What Web Businesses Can Learn from Online Gambling
This following relates to all web sites, but there are none the less some interesting considerations for blogs and bloggers as well in terms of transparency and trust. Enjoy…
> Online gambling is one of the fastest growing segments of ecommerce in the US, an especially impressive feat since it is illegal in the US. Due to their illegal status, gambling sites face high hurdles in the advertising and promotion arena as well, since most US-based online media companies, most notably Google and Yahoo, refuse to advertise them.
You might think that online gambling websites would face an insurmountable obstacle in gaining users’ trust, as well. Trust has long been an issue in ecommerce, historically plagued by credit card billings and websites that disappear just before the orders were to be shipped’€“and a constant mainstream media drumbeat of the dangers of online transactions. Building trust has long been a chief concern of businesses selling over the web.
The trust issue is only compounded for the online gambling industry when it comes to serving US customers. Would you trust a website with your money if it were located overseas, and you had little legal recourse whatsoever to get your money back if you were dissatisfied’€“and if the “product” itself were essentially intangible, anyway? To top it off, what if the purchase itself was illegal?
This is precisely the challenge that online casinos meet every day, with the estimated 60 percent of their industry’s customers who come from the USA. Casino websites owned and operated entirely outside the borders of the US are free to accept US customers. But gambling online with real money is illegal in the US under federal law, specifically the Federal Wire Wager Act, not to mention a host of state laws.
How Do Online Gambling Websites Gain Visitors’ Trust?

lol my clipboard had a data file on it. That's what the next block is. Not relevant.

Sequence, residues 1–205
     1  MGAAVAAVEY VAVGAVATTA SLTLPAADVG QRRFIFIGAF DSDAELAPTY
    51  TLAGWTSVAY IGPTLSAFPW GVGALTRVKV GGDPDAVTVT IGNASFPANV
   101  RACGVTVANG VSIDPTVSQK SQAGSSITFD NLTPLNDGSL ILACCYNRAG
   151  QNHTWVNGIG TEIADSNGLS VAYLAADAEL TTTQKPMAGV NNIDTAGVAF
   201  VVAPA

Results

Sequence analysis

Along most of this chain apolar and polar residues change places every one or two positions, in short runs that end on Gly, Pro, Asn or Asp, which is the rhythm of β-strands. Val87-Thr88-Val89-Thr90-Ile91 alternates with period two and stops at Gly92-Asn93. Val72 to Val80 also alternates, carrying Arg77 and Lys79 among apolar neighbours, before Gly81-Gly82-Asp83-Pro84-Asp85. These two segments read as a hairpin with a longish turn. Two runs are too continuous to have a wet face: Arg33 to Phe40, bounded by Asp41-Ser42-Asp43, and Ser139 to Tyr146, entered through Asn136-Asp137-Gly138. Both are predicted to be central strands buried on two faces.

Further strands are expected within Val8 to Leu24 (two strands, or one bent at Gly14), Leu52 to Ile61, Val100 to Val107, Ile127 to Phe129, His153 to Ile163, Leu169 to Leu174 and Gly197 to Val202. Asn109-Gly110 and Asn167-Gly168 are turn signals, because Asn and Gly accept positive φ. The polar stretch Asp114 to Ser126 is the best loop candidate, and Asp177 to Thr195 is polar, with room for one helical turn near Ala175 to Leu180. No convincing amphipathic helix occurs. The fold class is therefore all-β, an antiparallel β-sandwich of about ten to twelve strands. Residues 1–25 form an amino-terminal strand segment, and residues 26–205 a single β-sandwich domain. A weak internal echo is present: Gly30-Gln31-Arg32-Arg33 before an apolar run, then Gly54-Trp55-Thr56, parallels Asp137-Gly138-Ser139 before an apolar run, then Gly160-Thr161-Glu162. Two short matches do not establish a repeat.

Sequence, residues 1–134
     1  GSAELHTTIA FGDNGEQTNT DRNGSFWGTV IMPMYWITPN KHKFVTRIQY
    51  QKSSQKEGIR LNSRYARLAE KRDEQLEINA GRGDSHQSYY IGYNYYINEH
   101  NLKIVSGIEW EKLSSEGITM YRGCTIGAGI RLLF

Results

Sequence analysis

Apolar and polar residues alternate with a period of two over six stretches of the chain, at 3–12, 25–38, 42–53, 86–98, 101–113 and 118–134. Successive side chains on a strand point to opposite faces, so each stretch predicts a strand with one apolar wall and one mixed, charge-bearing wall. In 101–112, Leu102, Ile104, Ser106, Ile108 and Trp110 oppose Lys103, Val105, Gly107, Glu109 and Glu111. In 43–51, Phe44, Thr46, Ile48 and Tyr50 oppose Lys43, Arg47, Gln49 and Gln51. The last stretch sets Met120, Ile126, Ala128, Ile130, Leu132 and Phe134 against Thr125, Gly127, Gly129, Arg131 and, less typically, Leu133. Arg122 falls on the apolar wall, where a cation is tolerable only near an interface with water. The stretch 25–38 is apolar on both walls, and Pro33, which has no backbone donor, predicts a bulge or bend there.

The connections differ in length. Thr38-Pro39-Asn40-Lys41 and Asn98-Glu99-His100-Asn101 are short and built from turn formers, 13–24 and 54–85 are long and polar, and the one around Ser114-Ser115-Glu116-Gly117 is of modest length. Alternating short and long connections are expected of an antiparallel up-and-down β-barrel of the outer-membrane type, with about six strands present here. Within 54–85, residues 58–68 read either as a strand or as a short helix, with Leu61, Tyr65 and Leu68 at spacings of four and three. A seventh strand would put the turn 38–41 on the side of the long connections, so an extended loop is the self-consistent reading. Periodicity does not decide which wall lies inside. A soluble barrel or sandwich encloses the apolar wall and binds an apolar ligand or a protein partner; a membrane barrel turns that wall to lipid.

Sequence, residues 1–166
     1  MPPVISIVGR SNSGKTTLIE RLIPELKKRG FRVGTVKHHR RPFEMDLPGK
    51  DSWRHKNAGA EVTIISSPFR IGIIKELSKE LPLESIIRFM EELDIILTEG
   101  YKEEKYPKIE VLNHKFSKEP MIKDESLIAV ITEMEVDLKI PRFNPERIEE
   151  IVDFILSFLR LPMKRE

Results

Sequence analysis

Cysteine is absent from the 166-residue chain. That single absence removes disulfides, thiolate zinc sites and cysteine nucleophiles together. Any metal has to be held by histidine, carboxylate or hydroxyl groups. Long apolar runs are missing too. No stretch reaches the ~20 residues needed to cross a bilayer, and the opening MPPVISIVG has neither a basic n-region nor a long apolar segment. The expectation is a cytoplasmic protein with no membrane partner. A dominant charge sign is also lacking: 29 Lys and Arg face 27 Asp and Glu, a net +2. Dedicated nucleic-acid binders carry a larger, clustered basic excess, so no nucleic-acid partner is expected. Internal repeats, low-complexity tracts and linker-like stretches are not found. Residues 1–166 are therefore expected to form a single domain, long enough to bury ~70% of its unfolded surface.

* Trust symbols: gambling websites’ businesses, being located outside the US, are not eligible for most US-based business certification programs such as the Better Business Bureau or Square Trade. So, they created their own trust seal: ECOGRA, E-Commerce and Online Gaming Regulation and Assurance. Online gambling sites are also wont to make a prominent display of their secure connection certificates, from organizations such as Thawte.
* Assurances: users’ concerns about reliability are not just answered implicitly with fancy seals or confident language. One of the most successful online gambling websites contains this prominent declaration on its homepage: “We are licensed and regulated by the Government of Gibraltar, and our games are tested by iTech Labs, an independent tester of gaming and wagering devices to ensure that the games are fair and operate correctly.”
* Transparency: while it is often hard to tell just who is behind most ecommerce sites, successful online gambling sites are models of transparency: the location of the company owning the casino is always prominently displayed, and assurances of honesty are backed up with independent audits of the technology used.
* High-quality design: successful gambling websites always look great, no matter how small the business behind them. Plain old HTML may be enough to convince people to post their room rentals on Craigslist, but it doesn’t seem enough to make web users fork over their credit card digits to an online casino.
* Low barrier to entry: gambling websites generally either have a free option or require only a small upfront payment.
* Highly optimized designs. It’s usually only a single click, if even that, from the homepage to the virtual betting tables. When you can get straight to doing what you want to do, there is not a lot of time to start nursing doubts.
In short, if you take your online business’s trustworthiness for granted, you may be missing out on potential customers who need additional assurances. Take a lesson from websites that can’t trust their trustworthiness to be taken for granted: make sure visitors to your site feel comfortable opening up their wallets.
About The Author
Joel Walsh writes on business and the internet for CasinoTimes.co.uk